Wednesday, September 17, 2014

Real Life Bayonne Experience

As I was writing up this week's case study on Bayonne, I kept having flashbacks to a previous job. I served as the Greek Manager and later sales manager for a local photography company. The company (who I won't name out of respect) took youth sports photos, fraternity and sorority composite and bid day photos and graduation photography. The owner was attempting to break into the school photo market, which was exceedingly tough due to the presence of well established national companies like Lifetouch.

Over the course of five years working for this company I made a number of observations on improvements that could have been made. We needed a true CRM client system, not spreadsheets. We really could have used actual Microsoft Office, and not tried to get by with OpenOffice. Access to a computer with photoshop was a real issue for me to get my work done. We frequently had soccer or hockey photos that coincided with the Greek Schedule, and I'd have to work across 3 computers that were shared by other employees (2 of them with poor computing power) to complete my work. Our office was cramped (old, 2 story victorian house that had been converted to an office) and everyone was constantly underfoot everyone else as we tried to get orders out the door. The walls were a depressing grey color, and the carpet was stained.

Some would have helped production timelines. Some would have just made morale better, but I also came to understand while some of these ideas were easy for me to make, they were not easy for the company's owner to invest in, especially given the shifting and more challenging market the photography business found itself in more regularly. Digital photography cut into huge parts of our markets. My position as Greek Manager used to involve many more duties, and our company would frequently "party pic" at formals and other special events. With the advent of smart phones and Facebook, the market for candid event photography had completely disappeared.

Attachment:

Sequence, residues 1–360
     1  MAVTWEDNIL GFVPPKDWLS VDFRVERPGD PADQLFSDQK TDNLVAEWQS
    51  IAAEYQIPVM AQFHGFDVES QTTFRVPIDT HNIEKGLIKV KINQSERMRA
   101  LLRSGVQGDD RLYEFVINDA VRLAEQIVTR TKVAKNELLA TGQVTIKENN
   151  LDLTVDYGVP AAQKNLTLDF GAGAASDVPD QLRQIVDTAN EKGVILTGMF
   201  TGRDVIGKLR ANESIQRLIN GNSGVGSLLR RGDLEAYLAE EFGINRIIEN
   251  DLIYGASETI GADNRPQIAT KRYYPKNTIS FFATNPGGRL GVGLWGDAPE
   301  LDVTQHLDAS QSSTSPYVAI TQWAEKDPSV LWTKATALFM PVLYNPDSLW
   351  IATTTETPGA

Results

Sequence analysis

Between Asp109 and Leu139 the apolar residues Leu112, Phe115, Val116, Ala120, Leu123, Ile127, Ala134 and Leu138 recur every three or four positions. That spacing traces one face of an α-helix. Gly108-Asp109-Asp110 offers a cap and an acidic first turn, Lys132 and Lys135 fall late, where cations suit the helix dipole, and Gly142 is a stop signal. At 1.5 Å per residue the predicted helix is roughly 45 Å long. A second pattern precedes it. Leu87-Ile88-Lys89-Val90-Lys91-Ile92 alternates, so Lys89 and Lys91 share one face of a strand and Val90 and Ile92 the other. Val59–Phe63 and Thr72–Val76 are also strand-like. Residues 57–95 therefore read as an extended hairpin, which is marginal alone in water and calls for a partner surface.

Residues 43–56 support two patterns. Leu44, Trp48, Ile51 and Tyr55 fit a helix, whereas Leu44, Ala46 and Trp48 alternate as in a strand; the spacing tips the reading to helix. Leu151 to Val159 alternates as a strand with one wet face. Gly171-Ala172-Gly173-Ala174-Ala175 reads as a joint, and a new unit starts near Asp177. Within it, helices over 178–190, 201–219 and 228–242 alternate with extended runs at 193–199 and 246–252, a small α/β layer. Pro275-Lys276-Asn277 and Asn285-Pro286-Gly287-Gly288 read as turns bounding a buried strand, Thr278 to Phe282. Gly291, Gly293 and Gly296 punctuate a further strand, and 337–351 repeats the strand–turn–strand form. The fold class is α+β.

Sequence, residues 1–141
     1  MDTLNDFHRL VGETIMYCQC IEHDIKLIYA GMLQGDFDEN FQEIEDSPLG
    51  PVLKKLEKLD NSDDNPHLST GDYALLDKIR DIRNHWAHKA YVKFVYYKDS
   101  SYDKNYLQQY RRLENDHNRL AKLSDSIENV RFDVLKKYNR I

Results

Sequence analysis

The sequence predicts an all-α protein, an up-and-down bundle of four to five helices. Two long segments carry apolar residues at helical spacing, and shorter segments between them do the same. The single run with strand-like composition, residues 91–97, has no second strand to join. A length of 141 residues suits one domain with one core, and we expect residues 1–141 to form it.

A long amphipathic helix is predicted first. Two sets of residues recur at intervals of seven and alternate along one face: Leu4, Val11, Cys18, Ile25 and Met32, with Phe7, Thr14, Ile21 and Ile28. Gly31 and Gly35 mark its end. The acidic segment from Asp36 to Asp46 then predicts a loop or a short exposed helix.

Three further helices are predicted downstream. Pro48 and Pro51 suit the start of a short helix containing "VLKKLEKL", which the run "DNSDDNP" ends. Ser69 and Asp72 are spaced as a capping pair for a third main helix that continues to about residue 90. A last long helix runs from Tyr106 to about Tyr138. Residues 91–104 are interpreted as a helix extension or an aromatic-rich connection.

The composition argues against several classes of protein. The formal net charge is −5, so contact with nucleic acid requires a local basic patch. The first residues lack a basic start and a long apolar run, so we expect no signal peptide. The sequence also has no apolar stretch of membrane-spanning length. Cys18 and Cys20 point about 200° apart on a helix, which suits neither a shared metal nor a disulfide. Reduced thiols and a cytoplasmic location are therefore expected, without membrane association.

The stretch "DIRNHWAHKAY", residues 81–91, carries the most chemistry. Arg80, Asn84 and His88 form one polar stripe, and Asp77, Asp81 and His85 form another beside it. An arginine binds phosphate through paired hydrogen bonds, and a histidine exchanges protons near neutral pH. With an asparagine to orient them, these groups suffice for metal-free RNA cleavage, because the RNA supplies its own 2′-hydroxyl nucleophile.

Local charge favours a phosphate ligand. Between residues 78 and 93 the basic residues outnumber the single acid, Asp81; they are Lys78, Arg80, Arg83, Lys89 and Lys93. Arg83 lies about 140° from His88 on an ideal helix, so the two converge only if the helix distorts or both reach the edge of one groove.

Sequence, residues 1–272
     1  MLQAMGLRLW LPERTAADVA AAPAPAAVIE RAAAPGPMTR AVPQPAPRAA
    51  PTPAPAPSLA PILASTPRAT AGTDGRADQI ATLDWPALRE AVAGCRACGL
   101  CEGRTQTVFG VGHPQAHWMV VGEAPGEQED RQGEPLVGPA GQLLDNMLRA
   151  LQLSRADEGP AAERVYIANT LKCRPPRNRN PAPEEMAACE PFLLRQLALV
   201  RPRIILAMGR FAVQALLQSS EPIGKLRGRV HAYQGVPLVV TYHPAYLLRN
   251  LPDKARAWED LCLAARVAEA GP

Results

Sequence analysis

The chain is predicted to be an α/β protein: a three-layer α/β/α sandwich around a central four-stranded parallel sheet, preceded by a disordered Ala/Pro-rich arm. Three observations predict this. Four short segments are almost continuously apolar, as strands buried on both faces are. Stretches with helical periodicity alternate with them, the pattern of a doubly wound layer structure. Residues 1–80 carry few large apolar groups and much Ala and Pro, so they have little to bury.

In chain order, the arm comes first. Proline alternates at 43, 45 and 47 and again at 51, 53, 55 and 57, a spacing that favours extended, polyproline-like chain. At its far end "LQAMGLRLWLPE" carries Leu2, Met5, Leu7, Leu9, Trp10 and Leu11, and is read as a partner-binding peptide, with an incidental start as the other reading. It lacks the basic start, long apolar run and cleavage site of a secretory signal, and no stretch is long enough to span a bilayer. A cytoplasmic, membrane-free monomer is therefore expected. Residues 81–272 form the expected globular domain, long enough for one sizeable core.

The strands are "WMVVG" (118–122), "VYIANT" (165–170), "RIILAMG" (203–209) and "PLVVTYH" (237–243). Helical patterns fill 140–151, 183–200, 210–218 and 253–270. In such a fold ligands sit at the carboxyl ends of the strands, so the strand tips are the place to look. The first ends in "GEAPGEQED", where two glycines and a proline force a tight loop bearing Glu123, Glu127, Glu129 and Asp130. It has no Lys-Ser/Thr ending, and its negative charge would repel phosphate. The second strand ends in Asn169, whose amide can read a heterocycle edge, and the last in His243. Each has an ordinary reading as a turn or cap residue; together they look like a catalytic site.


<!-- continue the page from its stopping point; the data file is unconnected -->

Formal Bid Day photos became more and more of an issue, especially ensuring that we were under contract annually. Nice, 8"x10" formal photos that took 3 weeks or more to get started to become an issue for the girls. But as manager, I had to do data entry on all of the orders off of handwritten cards. That took time. as did ensuring that these large groups (upwards of 140 members) had their orders batched properly at our printer we contracted with (located in another state).

When it came to the composite boards, batch production became a fine art or a total disaster. 4+ photos of each girl, 140 members per group had to be edited and uploaded for them to order. I needed to batch the "chosen" photo for the board in a particular way for the board producer (we didn't build the boards, another company did). Mock ups were made and would go back and forth, back and forth with the chapter contacts to ensure for no errors before production. Shipping was at least $100 each shipment, so my boss wanted as many boards as possible shipped together. Then I had to arrange with the photographers to borrow the van to deliver the boards or coordinate with them to drive the boards to chapters located in other parts of the state. I eventually got so frustrated and overwhelmed by the lack of resources and chaotic nature of the position that I quit.

Like the situation at Bayonne, the company I worked for had production capacity issues, upper management inserting themselves into the production process, and clients that were overly demanding/unreasonable in their expectations for product delivery and notoriously slow in responding to emails. It was a really frustrating experience and while it was valuable work experience, it really made me understand what kind of work I did not want to spend my time doing.

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